Ohio Statehouse Museum Education Center offers exhibits that encourage visitors to participate in the state government process by making decisions, expressing their opinions, comparing viewpoints and by voting. The exhibit challenges visitors' knowledge about the workings of state government, while equipping them to more fully participate as citizens.
The Ohio Statehouse Museum is located on the ground floor of the Ohio Statehouse. The Ohio Statehouse Museum is open every day, except on state holidays.
Monday-Friday, 9 a.m. to 5 p.m.
Saturday-Sunday, 12 to 4 p.m.
Visitors are welcome to tour the Ohio Statehouse using the self-guided tour brochure and the cell phone tour available in the Map Room. At this time, guided tours are available weekdays on the hour, 10 a.m. to 3 p.m., and on weekends on the hour, 12 to 3 p.m. Tours start in the Map Room.
The Ohio Statehouse Museum features Ohio’s Constitutions in the central exhibit area where pages of the historic documents are on display. Visitors may view handwritten pages from the 1802 and the 1851 Constitutions.
Read the current Constitution of the State of Ohio here.
The Ohio Statehouse Museum features a documentary series of videos highlighting the national significance of the Ohio Constitution — from its critical role in the slavery abolition movement to how it set a national model for the funding of public education. The videos are also available on this webpage to watch before and after your Capitol visit.
Foundations of Statehood (6:05 minutes)
The 1787 Northwest Ordinance, written by Nathan Dane, was the first major antislavery legislation in American history.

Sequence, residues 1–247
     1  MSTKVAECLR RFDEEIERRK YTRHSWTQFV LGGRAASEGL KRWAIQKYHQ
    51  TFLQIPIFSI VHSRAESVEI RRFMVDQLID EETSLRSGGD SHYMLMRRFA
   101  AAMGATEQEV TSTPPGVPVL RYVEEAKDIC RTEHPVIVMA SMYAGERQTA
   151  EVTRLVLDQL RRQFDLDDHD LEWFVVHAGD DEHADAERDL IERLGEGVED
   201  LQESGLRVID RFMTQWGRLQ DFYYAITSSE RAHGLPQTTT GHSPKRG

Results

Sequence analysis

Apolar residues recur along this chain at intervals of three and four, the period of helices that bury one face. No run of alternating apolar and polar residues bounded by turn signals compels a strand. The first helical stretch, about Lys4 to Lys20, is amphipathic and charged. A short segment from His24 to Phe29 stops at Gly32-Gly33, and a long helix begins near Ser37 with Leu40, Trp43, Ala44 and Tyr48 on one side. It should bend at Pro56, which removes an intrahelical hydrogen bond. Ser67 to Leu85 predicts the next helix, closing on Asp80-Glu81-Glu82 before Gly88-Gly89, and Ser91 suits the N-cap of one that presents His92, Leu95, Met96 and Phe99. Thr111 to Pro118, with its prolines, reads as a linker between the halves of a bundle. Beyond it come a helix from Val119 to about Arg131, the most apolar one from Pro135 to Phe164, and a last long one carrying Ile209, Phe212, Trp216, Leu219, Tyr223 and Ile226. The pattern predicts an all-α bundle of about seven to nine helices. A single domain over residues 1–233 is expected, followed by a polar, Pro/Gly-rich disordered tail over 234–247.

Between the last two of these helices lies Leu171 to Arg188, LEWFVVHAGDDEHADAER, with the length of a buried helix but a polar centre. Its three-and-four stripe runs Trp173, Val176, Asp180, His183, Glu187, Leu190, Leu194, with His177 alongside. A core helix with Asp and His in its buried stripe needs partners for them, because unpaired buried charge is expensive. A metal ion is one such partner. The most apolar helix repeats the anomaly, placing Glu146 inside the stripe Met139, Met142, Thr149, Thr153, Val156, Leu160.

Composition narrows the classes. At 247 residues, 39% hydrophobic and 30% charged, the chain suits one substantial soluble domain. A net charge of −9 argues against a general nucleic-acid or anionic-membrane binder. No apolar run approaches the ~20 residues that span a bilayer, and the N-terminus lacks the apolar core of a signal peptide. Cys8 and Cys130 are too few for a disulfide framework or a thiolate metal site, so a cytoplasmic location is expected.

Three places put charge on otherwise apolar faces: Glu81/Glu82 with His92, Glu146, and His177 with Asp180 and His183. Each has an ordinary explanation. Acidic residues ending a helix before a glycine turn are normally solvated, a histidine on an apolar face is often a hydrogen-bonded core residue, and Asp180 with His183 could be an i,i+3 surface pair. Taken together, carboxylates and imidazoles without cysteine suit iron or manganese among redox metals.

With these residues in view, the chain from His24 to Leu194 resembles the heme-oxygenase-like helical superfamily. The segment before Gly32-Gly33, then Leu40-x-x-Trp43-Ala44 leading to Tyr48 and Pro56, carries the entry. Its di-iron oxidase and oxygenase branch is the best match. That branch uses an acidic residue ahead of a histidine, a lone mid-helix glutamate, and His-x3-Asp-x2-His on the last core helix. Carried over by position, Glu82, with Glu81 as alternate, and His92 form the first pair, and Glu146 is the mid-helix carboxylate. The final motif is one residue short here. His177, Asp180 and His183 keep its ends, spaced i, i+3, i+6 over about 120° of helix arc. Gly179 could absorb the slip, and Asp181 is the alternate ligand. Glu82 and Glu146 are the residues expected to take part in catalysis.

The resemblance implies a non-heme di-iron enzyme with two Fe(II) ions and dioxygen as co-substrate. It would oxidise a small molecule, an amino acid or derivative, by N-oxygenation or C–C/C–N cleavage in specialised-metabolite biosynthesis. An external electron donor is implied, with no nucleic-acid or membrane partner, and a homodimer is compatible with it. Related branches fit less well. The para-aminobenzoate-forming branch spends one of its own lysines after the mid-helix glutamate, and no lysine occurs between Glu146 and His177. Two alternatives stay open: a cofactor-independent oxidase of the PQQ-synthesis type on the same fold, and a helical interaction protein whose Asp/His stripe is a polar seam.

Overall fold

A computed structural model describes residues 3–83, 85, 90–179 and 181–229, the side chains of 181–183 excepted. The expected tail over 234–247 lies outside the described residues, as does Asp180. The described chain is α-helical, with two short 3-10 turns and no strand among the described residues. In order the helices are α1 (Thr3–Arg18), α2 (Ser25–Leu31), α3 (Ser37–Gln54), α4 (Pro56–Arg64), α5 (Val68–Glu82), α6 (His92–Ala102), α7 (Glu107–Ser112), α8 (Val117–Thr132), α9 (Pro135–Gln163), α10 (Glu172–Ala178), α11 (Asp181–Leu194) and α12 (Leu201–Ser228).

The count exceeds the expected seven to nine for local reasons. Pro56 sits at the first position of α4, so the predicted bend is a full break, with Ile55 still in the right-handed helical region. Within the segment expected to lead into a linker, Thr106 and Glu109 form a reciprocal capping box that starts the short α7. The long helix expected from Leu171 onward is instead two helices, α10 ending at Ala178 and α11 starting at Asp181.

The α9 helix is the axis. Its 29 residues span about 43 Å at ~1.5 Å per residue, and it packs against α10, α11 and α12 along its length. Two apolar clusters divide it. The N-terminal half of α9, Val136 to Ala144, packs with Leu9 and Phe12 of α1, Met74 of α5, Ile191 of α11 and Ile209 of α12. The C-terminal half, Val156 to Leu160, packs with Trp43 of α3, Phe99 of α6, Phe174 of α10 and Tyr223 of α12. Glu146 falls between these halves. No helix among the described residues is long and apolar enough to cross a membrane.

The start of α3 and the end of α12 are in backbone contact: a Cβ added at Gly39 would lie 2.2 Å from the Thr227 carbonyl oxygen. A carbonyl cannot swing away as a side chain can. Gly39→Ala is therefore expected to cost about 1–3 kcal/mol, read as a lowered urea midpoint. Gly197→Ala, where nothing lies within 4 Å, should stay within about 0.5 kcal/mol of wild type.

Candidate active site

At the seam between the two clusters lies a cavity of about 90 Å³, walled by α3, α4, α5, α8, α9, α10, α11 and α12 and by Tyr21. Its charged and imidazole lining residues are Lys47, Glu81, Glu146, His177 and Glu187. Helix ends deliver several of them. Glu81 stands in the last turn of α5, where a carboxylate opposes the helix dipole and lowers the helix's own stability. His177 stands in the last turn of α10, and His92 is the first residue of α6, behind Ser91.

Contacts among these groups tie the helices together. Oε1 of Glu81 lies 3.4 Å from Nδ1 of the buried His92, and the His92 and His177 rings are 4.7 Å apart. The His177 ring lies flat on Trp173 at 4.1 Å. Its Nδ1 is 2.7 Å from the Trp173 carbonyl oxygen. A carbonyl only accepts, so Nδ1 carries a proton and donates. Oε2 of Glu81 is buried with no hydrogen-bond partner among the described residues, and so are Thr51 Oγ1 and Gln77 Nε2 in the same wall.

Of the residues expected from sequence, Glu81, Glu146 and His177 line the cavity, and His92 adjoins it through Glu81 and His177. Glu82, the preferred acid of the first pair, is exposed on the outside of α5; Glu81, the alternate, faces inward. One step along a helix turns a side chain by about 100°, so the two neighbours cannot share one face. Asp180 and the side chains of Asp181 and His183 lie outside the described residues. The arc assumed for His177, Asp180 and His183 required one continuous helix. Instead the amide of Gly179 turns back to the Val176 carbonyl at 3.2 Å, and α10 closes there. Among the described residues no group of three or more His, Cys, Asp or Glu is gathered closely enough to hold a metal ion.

Peace and Hostilities (5:50 minutes)
An alliance of Native Americans resisted settlement into Ohio. With the 1795 Treaty of Greene Ville, they ceded much of the land that would become Ohio in exchange for promises of peace in the northwest areas. Arthur St. Clair opposed statehood for Ohio and lost his job as territorial governor.
The Slavery Debate (5:32 minutes)
Ohio becoming a free state set a precedent for other states. Rufus Putnam and Ephraim Cutler fought for the continued prohibition of slavery in the Ohio Constitution.
Freedom Fighters (5:46 minutes)
Many Ohioans participated in both the abolitionist and Underground Railroad movements, including Salmon Chase, John P. Parker and Harriet Beecher Stowe. The Ohio Constitution laid a foundation for civil rights that abolitionists could draw from to expand those rights to include African Americans.
Expansion and Regulation (4:36 minutes)
Canals and railroads revolutionized Ohio and our nation. The 1851 Ohio Constitution limited state debt and also the ability of the state to grant exclusive privileges to private companies.
Education for All (3:57 minutes)
Using your rights responsibly required that you be educated. Caleb Atwater, Samuel Lewis and Calvin Stowe were behind common schools in Ohio. The 1851 Ohio Constitution guarantees there will be state funding for public education for Ohioans.
Credits and more information about the videos